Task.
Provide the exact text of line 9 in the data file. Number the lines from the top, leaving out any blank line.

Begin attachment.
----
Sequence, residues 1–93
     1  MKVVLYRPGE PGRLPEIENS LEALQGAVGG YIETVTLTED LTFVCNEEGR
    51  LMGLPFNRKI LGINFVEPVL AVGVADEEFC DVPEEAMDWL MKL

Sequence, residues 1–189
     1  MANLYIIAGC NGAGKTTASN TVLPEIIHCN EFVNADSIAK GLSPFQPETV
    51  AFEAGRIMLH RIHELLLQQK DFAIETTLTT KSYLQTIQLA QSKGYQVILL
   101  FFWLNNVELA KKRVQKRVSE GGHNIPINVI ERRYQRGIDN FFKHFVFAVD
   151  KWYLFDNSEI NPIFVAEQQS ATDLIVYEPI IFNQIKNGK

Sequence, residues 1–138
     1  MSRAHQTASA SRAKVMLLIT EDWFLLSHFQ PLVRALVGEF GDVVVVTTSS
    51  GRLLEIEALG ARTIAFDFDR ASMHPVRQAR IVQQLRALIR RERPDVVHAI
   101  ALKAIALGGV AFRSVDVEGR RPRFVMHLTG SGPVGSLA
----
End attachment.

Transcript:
Sequence, residues 1–138